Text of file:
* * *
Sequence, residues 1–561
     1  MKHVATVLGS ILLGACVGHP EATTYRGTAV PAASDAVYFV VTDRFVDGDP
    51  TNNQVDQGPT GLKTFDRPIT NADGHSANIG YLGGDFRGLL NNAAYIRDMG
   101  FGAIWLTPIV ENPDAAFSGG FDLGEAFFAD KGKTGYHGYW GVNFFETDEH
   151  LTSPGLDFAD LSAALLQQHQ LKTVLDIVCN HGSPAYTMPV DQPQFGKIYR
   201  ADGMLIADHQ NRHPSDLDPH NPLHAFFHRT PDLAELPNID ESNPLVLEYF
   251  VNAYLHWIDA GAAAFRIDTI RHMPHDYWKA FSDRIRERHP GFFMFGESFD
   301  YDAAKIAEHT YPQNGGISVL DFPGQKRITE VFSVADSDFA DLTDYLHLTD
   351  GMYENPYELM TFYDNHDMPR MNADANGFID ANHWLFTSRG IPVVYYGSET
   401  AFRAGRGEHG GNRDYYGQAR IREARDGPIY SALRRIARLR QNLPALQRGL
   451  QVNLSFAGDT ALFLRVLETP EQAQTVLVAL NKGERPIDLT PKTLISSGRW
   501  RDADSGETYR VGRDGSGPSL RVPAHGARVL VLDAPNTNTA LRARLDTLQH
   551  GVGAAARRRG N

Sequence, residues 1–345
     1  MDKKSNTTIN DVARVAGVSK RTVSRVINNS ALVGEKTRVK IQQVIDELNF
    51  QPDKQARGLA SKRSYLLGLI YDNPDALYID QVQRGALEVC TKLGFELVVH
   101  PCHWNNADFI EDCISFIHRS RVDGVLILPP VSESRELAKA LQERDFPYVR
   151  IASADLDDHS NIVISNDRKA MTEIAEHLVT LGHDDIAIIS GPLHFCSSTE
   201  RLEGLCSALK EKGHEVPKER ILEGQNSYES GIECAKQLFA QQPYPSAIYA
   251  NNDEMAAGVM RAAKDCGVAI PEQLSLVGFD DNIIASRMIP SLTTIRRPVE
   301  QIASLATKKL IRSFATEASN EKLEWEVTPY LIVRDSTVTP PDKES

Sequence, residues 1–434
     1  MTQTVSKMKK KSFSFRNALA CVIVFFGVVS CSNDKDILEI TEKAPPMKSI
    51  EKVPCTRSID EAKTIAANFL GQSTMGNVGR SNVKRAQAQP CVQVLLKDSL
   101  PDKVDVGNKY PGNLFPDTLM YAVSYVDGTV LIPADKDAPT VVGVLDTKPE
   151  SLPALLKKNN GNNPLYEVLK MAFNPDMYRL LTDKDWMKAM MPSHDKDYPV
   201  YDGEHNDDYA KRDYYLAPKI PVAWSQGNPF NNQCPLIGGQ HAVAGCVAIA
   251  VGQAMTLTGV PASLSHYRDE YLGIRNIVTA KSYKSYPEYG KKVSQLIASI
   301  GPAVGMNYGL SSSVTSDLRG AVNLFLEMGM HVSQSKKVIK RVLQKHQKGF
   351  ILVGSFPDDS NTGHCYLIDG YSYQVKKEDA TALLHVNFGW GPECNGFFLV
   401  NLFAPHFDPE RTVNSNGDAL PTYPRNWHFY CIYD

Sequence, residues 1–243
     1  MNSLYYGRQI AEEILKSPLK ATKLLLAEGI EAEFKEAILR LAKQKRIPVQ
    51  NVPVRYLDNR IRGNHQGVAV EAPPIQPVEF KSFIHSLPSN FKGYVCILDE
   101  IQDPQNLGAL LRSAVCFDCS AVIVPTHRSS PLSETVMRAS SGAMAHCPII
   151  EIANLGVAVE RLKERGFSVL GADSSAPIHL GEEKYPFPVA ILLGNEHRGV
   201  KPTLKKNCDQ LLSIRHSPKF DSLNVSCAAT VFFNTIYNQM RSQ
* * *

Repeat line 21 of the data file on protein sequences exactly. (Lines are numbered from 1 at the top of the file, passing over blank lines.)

   301  QIASLATKKL IRSFATEASN EKLEWEVTPY LIVRDSTVTP PDKES